It seems that everyone in fitness has a thing with carbohydrates. Most people love them and choose to eat a lot of them in their diet. Others demonize them and prefer to leave them out (almost) entirely. Interestingly, carbohydrates are not completely necessary in our diet. Other nutrients like certain amino acids and fatty acids cannot be manufactured in the body, which makes them “essential.” Carbohydrates don’t fall into this category. We can make the sugars and such we need from other substances in our body. This is why some people have advocated a low carbohydrate diet. So, if we don’t need them, why eat them?

Well, it turns out that eating carbohydrates makes it much easier for us to perform certain tasks. This is especially true when it comes to performing at our best. But in spite of this, there is still a lot of conflicting information about carbohydrate intake. The sport and/or activities you engage in will dictate carbohydrate intake to a large degree. Marathon runners definitely need high levels of carbohydrate in their diet, but do all athletes need the same amount? Should powerlifters and weightlifters be “carbing up” for their sport? It’s important to understand how many carbs you should be eating in order to maximize performance without potentially harming your health.


Aerobic Activity

You might be aware that many endurance athletes “carb up” prior to big races. This serves as a tool to maximize the amount glycogen that is stored in their body. That way, when they are out there running the race, they can delay fatigue as long as possible. You see, when running an endurance race, there may come a time when you “hit the wall.” Your will to continue running is thoroughly tested and your body screams at you to stop running. This is most often, but not always, associated with heavy depletion of glucose/glycogen availability. Put simply, your body senses that glycogen and glucose are running low and tries to get you to stop exercising.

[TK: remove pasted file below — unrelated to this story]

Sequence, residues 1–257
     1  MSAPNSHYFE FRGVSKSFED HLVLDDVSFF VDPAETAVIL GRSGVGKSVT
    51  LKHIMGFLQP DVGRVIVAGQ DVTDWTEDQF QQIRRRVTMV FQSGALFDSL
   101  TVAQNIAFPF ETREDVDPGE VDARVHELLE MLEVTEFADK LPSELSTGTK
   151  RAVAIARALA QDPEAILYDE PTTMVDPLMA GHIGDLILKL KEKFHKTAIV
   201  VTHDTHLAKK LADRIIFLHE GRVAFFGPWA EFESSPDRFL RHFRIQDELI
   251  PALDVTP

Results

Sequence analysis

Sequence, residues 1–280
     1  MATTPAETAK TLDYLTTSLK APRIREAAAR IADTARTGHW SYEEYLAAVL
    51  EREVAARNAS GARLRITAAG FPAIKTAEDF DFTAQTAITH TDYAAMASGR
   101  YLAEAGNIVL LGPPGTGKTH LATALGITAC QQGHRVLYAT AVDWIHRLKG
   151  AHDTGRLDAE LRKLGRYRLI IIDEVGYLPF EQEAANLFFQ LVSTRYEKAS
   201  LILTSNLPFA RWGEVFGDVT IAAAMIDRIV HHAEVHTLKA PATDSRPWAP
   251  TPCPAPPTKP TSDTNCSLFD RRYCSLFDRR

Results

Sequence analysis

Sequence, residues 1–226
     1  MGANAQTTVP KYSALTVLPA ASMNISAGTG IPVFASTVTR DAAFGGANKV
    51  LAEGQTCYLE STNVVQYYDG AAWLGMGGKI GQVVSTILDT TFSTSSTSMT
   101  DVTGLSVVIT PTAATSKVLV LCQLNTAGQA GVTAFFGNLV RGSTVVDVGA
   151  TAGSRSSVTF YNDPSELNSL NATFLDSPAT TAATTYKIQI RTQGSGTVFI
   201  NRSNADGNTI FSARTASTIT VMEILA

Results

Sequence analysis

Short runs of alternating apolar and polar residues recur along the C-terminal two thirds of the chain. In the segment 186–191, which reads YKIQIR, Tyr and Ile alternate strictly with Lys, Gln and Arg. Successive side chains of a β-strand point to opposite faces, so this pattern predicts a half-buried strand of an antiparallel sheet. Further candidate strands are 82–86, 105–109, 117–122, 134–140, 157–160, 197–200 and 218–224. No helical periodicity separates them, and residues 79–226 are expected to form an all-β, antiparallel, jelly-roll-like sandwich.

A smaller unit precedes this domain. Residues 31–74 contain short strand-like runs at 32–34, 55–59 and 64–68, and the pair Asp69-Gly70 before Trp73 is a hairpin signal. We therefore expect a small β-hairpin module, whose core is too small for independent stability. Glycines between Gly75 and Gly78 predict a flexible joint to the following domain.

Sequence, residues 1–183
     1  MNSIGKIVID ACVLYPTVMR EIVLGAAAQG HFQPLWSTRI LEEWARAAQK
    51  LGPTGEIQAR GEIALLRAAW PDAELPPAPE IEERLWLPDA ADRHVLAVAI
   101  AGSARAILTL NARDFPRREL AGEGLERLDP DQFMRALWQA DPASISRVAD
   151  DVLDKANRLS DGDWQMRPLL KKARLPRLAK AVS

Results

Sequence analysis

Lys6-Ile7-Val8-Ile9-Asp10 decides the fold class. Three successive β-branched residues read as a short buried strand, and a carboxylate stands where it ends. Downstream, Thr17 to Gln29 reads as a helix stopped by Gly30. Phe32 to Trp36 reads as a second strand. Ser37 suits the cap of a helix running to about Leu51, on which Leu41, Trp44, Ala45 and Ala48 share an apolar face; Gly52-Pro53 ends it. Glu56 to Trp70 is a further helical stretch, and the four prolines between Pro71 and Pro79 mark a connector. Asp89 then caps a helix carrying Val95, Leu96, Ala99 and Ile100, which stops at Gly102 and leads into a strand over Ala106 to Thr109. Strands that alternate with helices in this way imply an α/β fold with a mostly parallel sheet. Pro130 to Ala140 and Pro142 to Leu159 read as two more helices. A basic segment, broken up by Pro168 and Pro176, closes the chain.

This phenomenon is one of the worse things that can happen if your goal is to perform your best in a race. So, in order to combat this, endurance athletes need to keep their glycogen stores high most of the time. Carbing up is a great way to make sure things are fully topped off. However, endurance athletes still need to consume a diet that is high in carbohydrates. At least that’s what the research has said up to this point. When comparing constant high carbohydrate (CHO) diets to lower carbohydrate strategies, high carb diets have consistently led to better performance [1][4].

So how many carbs should you be eating as an endurance athlete? The International Olympic Committee provides guidelines based on the intensity of your training [2]. Moderate duration/low intensity endurance exercise would be well supported by 5-7g/kg of CHO per day. Those who engage in heavy endurance training would need somewhere between 7-12g/kg of CHO per day. And if you happen to be an extreme endurance athlete (marathon, ultramarathon, triathlon), you may need more than 12g/kg each day.

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